Exercise and risk
From the summer 2018 issue of our Care and Cure magazine, find out how regular exercise could reduce dementia risk reduce dementia risk alongside physical and mental health benefits.
Recent research has highlighted the benefits of regular exercise for keeping our hearts and brains healthy. The last few months have seen the findings of several studies come out on this topic.
In February, a research paper studied the effects of exercise on people diagnosed with mild cognitive impairment. They found that a routine of aerobic exercise and resistance training improved memory and thinking skills. Aerobic exercise can be anything that gets your heart pumping, such as a brisk walk, gardening or a dance class. Resistance training includes exercises involving weights or resistance bands.
In March, a study reported that people who were fit in midlife have either a reduced risk or later age of onset of dementia than someone who is less fit. Looking at a group of women who completed a strenuous exercise bike session in the 1960s, when their average age was 50, the researchers followed their medical history until 44 years later. They said that the fitter the women were for the bike test, the later or less likely they were to develop dementia.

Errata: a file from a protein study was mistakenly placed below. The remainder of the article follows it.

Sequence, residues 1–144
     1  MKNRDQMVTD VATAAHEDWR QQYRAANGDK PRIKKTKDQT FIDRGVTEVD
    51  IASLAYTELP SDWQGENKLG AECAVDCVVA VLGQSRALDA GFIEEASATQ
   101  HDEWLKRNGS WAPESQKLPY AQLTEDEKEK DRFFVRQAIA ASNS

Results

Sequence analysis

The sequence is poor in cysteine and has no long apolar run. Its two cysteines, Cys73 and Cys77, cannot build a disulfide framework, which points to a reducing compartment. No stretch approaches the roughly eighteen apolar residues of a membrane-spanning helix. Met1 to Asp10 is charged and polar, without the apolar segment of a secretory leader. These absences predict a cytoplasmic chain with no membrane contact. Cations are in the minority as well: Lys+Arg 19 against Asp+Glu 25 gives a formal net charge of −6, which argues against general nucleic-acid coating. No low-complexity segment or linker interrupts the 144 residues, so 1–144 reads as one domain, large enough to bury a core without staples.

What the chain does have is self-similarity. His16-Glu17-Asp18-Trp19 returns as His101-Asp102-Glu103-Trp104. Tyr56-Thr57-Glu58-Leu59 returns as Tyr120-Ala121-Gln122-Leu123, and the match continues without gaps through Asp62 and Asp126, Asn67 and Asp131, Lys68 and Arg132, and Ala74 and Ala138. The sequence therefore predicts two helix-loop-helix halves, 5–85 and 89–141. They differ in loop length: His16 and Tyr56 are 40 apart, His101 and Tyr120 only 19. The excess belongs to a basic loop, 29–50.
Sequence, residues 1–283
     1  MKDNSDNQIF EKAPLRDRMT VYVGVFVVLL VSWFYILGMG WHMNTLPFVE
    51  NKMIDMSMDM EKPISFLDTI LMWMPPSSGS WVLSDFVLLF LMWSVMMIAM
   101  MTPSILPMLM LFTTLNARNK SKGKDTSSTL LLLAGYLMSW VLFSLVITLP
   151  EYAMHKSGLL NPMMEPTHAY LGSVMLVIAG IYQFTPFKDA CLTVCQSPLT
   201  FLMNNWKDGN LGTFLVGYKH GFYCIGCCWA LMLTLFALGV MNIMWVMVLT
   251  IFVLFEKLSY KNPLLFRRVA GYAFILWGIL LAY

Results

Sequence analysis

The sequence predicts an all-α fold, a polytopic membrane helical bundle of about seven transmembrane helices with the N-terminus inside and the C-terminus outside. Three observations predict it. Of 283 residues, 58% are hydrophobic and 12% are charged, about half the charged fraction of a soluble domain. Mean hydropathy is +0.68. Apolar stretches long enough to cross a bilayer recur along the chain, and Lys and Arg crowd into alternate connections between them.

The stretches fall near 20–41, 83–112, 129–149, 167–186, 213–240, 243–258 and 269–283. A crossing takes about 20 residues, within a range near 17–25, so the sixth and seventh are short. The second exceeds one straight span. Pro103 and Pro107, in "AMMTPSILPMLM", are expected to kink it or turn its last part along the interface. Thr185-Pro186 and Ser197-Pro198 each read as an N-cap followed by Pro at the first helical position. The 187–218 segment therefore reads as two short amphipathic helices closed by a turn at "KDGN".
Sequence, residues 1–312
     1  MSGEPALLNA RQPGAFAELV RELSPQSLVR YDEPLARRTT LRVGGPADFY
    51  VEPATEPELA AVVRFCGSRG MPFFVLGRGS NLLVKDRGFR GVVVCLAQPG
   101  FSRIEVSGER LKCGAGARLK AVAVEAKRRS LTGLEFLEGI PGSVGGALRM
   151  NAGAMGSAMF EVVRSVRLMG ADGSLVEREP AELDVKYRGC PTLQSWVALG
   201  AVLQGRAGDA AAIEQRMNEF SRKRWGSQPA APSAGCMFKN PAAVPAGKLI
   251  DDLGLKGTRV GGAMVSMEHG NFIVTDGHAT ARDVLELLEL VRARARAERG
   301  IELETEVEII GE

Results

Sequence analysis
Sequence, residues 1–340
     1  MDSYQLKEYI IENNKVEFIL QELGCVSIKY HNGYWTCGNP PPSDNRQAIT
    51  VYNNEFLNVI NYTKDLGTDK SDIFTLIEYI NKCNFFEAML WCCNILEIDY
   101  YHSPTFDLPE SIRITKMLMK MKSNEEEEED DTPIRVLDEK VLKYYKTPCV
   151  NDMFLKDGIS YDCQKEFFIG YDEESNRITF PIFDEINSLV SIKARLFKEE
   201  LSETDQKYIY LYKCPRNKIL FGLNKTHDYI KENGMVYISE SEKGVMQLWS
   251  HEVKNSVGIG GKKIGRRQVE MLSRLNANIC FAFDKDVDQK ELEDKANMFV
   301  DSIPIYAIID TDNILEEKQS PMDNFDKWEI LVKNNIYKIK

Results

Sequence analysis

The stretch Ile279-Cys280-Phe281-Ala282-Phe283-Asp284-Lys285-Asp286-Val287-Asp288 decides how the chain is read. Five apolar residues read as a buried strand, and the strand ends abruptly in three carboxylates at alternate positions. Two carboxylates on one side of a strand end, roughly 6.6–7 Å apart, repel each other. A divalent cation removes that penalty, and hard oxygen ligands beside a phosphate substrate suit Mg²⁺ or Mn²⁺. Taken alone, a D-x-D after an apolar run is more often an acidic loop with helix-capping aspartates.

The study had some shortcomings. As Dr Tim Shakespeare, our Research Information Manager, said, ‘While the results are promising and provide much needed motivation to get on the exercise bike, it’s important to bear in mind the number of people in this study was small. It also only involved women, so it’s not clear if we’d see the same results in men.’
‘It’s important to bear in mind the number of people in this study was small. It also only involved women, so it’s not clear if we’d see the same results in men.’
Taking regular exercise is an important part of a healthy lifestyle. We know that what is good for your heart is good for your head. Exercise reduces the risk of heart disease, diabetes and depression, which are major risk factors for dementia. It can also help people with dementia to maintain confidence and improve their thinking skills and sleep. Exercise can also be an opportunity to engage and socialise with other people.
Alzheimer’s Society’s annual Memory Walk takes place this autumn. Memory Walk is a sponsored walk for all ages and abilities to unite together to raise money to defeat dementia.
Take part in Memory Walk 2018
This year over 110,000 people plan to walk to help raise money for dementia research. What better way to enjoy the positive effects of exercise while also raising awareness of dementia and much needed funds for research?